NEWSLETTER 528: SATURDAY 24 FEBRUARY 2007
1. Feedback, notes and comments
Robinson Crusoe I gave the wrong publication date last week for Daniel Defoe’s novel. It should have been 1719, not 1721.
Praise indeed I don’t usually blow my own trumpet in this forum, but a comment in the Mail Tribune of Oregon on 18 February cannot be let pass, simply because it was so extravagantly excessive. A reader posed a question about the phrase “teach your grandmother to suck eggs”, to which the writer said “For the answer, we turned to the infinitely wise and humorous Michael Quinion”. It was the least he could say, you might feel, since I’d done his work for him!
2. Weird Words: Egyptian days
Days of ill-omen or evil.
As far back as the historical record can be traced, we know that certain days have been thought to be unlucky. In medieval times they were often listed in calendars as the dies Aegyptiaci, the Egyptian days, since they were supposed to have been identified by Egyptian astrologers, considered to be authorities on such matters. Some said they were days on which calamitous events had occurred in ancient Egypt, such as the plagues described in the Bible.
Medieval calendars precisely identified the days that were to be considered inauspicious, on which no project or enterprise should be begun: 1 and 25 January; 4 and 26 February; 1 and 28 March; 10 and 20 April; 3 and 25 May; 10 and 16 June; 13 and 22 July; 1 and 30 August; 3 and 21 September; 3 and 22 October; 5 and 28 November; and 7 and 22 December. It was considered especially important that doctors should not let blood on these days.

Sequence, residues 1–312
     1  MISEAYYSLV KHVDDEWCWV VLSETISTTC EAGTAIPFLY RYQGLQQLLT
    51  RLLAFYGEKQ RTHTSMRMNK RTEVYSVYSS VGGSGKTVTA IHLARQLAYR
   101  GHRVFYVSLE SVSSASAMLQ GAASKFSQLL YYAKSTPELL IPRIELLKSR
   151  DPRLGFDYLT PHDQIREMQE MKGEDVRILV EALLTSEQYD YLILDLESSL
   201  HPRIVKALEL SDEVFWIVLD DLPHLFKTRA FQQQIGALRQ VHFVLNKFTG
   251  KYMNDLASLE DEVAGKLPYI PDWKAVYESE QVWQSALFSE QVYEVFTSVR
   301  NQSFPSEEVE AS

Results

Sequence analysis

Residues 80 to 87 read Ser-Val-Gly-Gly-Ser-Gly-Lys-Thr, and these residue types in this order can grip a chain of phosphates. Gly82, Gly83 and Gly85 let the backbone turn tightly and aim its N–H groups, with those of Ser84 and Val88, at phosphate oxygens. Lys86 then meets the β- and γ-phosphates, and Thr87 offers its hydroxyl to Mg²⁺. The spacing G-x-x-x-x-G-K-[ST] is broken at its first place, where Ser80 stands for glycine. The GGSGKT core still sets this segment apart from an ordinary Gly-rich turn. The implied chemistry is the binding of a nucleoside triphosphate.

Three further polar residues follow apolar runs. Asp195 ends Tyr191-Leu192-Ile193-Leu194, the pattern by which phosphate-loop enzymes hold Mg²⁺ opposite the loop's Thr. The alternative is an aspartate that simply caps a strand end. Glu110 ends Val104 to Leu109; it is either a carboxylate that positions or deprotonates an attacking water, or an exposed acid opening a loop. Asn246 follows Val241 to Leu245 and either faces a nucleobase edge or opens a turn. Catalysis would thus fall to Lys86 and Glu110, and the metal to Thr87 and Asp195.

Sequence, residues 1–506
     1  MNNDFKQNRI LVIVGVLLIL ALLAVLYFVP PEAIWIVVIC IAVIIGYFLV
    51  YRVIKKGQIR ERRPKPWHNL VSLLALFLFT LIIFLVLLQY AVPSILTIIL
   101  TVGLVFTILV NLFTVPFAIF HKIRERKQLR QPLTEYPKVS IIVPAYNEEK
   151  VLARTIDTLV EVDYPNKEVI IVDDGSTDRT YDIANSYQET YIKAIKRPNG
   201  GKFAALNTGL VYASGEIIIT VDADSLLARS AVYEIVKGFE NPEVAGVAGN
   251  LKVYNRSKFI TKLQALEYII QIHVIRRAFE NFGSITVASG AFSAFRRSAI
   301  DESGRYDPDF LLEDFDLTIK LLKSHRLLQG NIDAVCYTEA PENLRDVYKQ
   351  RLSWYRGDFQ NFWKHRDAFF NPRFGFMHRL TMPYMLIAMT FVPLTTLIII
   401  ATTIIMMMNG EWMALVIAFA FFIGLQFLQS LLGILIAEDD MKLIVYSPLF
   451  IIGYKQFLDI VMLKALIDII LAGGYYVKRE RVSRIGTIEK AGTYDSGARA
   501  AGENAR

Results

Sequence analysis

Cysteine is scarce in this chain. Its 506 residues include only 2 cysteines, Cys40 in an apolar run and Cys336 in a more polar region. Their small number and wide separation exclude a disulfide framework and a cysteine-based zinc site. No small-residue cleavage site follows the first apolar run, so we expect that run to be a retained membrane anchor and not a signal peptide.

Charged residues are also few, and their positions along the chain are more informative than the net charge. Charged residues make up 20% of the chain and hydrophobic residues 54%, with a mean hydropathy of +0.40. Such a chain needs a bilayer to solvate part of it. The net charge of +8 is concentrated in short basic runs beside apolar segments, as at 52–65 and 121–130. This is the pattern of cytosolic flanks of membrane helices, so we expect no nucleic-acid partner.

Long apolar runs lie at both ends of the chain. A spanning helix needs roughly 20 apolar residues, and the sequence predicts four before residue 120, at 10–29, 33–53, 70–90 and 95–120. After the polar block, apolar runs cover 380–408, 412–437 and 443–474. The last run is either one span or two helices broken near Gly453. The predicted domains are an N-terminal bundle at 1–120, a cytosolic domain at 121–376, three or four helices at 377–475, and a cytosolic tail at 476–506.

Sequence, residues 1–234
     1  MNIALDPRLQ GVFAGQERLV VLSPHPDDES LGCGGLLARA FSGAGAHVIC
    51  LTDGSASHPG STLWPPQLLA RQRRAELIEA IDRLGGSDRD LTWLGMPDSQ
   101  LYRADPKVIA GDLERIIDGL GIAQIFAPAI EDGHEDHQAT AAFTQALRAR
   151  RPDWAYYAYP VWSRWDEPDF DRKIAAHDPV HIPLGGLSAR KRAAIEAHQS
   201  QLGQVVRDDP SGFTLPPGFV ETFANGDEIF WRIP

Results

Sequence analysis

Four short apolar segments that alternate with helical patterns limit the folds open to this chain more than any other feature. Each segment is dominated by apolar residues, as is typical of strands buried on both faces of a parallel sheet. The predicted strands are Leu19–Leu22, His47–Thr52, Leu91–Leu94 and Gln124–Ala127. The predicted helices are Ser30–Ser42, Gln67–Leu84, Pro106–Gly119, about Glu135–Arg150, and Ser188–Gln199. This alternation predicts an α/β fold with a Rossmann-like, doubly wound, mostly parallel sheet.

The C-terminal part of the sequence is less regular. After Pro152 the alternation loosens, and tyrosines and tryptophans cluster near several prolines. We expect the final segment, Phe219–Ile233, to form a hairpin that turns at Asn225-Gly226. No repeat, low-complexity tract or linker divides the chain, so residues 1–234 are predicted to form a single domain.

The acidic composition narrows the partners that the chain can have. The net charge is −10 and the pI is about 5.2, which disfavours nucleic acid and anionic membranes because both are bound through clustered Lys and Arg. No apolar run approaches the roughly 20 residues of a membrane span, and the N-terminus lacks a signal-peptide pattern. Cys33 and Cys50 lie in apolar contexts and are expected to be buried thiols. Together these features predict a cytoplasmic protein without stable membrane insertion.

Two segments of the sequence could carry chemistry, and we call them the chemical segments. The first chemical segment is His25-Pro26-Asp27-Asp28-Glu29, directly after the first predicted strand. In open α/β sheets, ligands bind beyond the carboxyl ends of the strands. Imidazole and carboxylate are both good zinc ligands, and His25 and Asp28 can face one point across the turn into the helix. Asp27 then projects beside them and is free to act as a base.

Another Latin term for them was dies mali, the unlucky, evil, or unpropitious days. By the beginning of the fifteenth century, the Latin phrase had been Anglicised into dismal, at first in direct reference to the evil days, but later to any event that brought misfortune and disaster. By the seventeenth century the word had weakened to our modern sense of something that merely causes gloom or depression. When in 1849 Carlyle described economics as “the dismal science”, he meant only that it was cheerless.
3. Recently noted
Fame-Iness A few days after Ben Goldacre coined referenciness in the Guardian on the model of Stephen Colbert’s truthiness — as noted in the last issue — the Los Angeles Times headlined a piece with fame-iness. It doesn’t refer to real fame, but to celebrity, the illusion of fame. The writer commented, “Now that the mystique of so many celebrities is rooted less in their accomplishments than in their ability to get our attention by provoking our disgust, perhaps it’s not fame they’re offering but ‘fame-iness.’” Do I detect a trend here? Is -iness in the process of becoming a new combining form, meaning something that affects to have or gives the illusion of having some desirable property? Watch this space, or your favourite newspaper.